Independent Clauses | n. —unusual words about underappreciated music

SVALL, pt 2

October 10, 2014

Trebuchet’s “The End” is a magnificent song: a synthesis of everything we’ve learned from The Lumineers, Mumford and Sons, and The Head and the Heart. Instead of being derivative, it feels like they’ve finally unlocked the pattern. The video is fun too.

The Wild Reeds’ “Blind and Brave” is a love letter to Los Angeles in song and video. Their female-fronted folk sound starts in pristine First Aid Kit mode, but swells to a lovely, full conclusion.

Brian Lopez’s “Persephone” video is the sort where I started watching and forgot that the song was playing. It’s a visually interesting piece that tells a good story, and also is accompanied by some great folky music.

Matthew Fowler walks down a city street, strumming and singing. He happens to come across his trumpet player. Great things ensue. His calm, composed songwriting makes me think of Damien Rice’s quietest moments or Rocky Votolato.

Fall/Winter MP3 Mix

February 19, 2014

Bunches of MP3s have come my way recently, and I’m happy to share some with you. Come back on Friday for the Spring/Summer mix!

Fall/Winter

1. “Reno” – Shareef Ali. Anti-folk, acoustic-punk, and country converge on this memorable, attitude-filled breakup tune. (Ali’s CD release show is tonight, if you happen to find yourself in San Francisco.)

2. “Blankets” – Matthew Fowler. Fowler has a smooth, soothing voice that sounds far more mature than his 19 years. Fans of Josh Garrels and Ray LaMontagne should take notice.

3. “The Lampolier” – Grover Anderson. As fall moves toward winter, let’s move from pretty singer/songwriters to the haunting, backwoods Appalachian murder ballad tradition. The production here is particularly notable.

4. “Down to My Soul (The Music)” – Kate Vargas. When a woman says she’s influenced by Tom Waits, that gets my attention. Vargas delivers on that promise with raspy, soulful, inspired folk full of banjo and danger.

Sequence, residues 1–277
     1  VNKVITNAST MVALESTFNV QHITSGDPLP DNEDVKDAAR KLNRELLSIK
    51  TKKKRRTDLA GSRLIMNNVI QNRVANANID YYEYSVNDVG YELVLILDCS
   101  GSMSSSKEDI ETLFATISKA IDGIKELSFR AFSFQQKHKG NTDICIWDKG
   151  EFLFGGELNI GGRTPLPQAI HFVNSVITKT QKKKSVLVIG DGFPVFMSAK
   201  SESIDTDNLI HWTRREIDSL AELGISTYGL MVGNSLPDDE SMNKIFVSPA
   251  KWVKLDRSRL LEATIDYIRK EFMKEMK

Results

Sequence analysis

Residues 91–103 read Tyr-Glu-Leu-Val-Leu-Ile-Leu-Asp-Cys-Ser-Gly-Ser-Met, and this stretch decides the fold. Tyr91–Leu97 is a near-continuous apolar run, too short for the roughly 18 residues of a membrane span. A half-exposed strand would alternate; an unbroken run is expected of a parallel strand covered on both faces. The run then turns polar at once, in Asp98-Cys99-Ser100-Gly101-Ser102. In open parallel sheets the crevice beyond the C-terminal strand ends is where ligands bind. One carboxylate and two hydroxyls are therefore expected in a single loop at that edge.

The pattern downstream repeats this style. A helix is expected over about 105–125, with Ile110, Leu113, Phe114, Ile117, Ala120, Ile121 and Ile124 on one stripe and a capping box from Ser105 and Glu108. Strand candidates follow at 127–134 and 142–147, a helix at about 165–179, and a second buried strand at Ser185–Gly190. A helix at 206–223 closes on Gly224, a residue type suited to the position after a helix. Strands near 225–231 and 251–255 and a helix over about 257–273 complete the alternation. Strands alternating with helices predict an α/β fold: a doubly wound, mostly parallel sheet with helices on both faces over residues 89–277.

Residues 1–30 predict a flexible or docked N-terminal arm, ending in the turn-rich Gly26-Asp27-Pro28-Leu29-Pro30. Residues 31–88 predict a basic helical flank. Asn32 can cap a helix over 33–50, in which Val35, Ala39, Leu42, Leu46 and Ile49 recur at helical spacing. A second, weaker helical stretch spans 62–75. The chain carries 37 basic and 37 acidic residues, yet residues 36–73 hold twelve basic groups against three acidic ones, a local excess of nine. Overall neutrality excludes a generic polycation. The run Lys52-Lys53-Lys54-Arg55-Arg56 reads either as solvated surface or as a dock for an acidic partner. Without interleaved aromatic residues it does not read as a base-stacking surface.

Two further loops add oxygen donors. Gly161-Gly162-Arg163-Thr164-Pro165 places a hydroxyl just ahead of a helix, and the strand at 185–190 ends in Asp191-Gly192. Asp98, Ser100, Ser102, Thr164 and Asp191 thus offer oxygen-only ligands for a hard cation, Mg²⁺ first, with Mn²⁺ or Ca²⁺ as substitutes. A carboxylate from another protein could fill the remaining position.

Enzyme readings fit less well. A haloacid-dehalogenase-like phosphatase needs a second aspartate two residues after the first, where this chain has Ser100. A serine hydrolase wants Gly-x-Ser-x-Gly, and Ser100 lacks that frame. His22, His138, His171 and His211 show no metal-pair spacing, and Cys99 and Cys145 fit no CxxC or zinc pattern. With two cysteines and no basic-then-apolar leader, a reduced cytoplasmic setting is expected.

5. “Strugglin’” – I Am the Albatross. This one also starts out as a Tom Waits-ian folk ramble, but it transforms into a Gogol Bordello folk/punk/polka blaster complete with vengeful religious imagery. All aboard!

6. “All Walks of Life” – Mike Dillon. I’m used to Mike Dillon’s unclassifiable madness played at 3 zillion BPMs. This unclassifiable madness includes a significantly chiller body before a naturally madcap coda but is no less weird: it still includes vibraphone, trombone, drums, and Dillon’s crazy vocals.

7. “Alta / Waterfall” – Fear of Men. Jangly indie-rock urgency married to the rich, dusky landscapes of Bowerbirds and the like.

8. “Blight ft. FatRat Da Czar” – We Roll Like Madmen. Very smooth, dark, crisp electro here. FatRat Da Czar raps some really nice flow over it, really making this track.

9. “Ruin” – Vedas. The PR for this one calls it a “hollow depletion of hope,” which makes me want to try and cheer them up. Their James Blake-ian electro-pop/R&B/indie/whatever stuff is definitely attractive, though. All is not lost, yo!

10. “Reset” – Maggie McClure. Here’s a cathartic, female-fronted, piano-based pop tune for those who never stopped secretly loving The Fray and The Goo Goo Dolls.

11. “RaVe (feat. Kris English)” – Cloud Seeding. Is it folk? Is it electro? The lines keep getting fuzzier. Either way, this one is a lithe, easy-moving track.

12. “There Was a Time” – Corea Blue. Lo-fi can always get grittier, y’all. Props to this track for creating a zen-like mood and tone while using tape hiss as an instrument.

Stephen Carradini and friends write reviews of bands that are trying to make the next step in their careers.

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